When people say that something works “works like a machine” the implication is that this work is not only ceaseless but flawless. In particular this seems to appply to machine intelligence, intelligent robots and computers are, not only in fiction, assumed to have all information—and correct information only—available and then flawlessly proceed to the correct conclusion. Certainly often evil conclusions, but still the only possible conclusion.
Well, of course real software doesn't work that way. I have not worked with AI per se, but any interactive systems should be as “intelligent” as possible, where this in practice means that one studies users and figures out what they want done most of the time and then try to make the interface anticipate what the user wants in every given situation. In many cases this turns out not to be what the user wanted and bad user interfaces tend to do their anticipation in such a way as to annoy the user. Good user interfaces on the other hand are unobtrusive and smoothly let the user continue with whatever was actually intended, silently withdrawing whatever suggestion might have been proposed.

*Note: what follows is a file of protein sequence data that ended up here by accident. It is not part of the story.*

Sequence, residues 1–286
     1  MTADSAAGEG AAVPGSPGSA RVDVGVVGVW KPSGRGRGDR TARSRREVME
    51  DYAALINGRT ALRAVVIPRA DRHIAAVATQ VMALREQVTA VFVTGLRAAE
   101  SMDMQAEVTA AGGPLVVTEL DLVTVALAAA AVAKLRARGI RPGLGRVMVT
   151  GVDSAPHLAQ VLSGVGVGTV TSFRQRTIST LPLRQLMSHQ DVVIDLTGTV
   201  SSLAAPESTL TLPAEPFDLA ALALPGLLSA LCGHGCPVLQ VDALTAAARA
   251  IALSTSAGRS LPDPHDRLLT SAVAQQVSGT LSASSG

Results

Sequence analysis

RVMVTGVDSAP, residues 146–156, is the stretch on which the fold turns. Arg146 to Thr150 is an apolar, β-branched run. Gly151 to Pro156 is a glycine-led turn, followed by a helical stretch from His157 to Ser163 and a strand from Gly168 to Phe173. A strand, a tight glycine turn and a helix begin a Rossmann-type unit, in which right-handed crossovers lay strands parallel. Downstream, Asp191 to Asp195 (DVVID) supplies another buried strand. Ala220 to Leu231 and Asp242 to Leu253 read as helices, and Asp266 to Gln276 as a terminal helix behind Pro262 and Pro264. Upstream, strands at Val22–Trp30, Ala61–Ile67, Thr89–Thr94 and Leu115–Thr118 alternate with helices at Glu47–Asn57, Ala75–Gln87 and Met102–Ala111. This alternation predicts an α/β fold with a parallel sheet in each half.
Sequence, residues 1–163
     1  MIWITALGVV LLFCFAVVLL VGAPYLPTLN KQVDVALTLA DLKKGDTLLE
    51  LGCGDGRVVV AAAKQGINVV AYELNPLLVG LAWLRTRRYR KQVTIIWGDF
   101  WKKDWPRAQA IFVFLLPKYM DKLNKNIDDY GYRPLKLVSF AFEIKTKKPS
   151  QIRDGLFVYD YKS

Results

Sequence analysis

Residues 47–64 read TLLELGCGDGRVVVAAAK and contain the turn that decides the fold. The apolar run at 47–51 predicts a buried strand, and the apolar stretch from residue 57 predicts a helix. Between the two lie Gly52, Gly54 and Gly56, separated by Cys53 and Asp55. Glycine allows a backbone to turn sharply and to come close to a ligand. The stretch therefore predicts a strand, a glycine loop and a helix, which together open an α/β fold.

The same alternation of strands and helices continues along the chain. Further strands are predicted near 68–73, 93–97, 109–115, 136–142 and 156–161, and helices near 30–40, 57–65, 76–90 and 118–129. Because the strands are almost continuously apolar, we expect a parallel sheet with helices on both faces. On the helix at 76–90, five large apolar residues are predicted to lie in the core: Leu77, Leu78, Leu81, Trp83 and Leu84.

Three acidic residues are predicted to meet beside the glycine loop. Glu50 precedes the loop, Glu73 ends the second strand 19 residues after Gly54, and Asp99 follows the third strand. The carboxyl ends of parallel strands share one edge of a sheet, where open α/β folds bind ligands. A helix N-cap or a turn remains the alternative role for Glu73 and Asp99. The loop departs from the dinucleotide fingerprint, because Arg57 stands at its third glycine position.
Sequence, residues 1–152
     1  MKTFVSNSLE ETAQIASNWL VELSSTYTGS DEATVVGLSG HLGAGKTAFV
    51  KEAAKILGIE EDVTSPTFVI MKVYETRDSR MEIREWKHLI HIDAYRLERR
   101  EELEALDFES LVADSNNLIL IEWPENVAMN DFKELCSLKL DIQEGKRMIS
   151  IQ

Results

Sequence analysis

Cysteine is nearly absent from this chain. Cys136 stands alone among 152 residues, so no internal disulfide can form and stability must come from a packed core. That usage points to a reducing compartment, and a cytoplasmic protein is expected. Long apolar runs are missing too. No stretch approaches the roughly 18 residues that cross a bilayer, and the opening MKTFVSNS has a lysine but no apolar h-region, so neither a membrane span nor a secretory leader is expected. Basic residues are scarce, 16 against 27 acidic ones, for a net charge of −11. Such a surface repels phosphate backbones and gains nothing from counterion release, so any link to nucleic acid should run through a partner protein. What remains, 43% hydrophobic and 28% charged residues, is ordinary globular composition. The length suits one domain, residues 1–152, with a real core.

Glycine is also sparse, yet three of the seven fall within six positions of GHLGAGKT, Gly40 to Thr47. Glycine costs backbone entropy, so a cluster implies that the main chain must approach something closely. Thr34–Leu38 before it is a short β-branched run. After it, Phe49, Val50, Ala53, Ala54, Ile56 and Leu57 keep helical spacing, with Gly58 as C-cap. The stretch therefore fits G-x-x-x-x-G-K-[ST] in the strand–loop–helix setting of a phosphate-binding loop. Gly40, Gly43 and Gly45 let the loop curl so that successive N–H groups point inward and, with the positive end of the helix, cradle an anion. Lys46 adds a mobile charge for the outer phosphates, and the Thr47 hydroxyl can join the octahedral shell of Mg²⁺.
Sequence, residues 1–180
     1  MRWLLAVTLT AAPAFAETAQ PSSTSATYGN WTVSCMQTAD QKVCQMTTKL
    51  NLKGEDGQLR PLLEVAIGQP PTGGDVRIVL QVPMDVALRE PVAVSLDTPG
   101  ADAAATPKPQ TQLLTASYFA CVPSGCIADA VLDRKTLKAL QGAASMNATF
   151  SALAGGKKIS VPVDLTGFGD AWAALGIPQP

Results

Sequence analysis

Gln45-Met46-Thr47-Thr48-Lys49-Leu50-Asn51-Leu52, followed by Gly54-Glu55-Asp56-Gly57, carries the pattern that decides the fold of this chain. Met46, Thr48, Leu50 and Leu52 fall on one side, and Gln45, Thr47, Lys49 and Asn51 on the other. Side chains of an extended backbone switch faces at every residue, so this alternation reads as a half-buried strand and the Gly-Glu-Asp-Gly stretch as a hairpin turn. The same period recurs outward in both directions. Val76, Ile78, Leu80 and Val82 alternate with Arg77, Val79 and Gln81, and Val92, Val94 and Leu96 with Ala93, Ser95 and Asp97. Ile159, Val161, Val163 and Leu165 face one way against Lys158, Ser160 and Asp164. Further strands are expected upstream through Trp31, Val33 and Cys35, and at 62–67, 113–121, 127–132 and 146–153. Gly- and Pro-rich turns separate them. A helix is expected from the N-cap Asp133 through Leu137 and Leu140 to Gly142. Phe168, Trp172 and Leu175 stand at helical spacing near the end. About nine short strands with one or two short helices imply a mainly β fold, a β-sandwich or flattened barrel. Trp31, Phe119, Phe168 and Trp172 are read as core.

Machine translation has always been an important task for AI, and it seems the applications I have tried go for the ideal of the all-knowing computer. Thus if you submit a text for translation, you get the output all at once, unalterable, regardless of how bizarre it ends up. Shouldn't it be possible, in this day and age, to have an interactive translation application which presents alternative interpretations of the input and lets the user guide the translation? Certainly, even when I as a person translate text I end up having to make notes in the output, stating that a particular interpretation is dependent on a previous term having meant this and not that.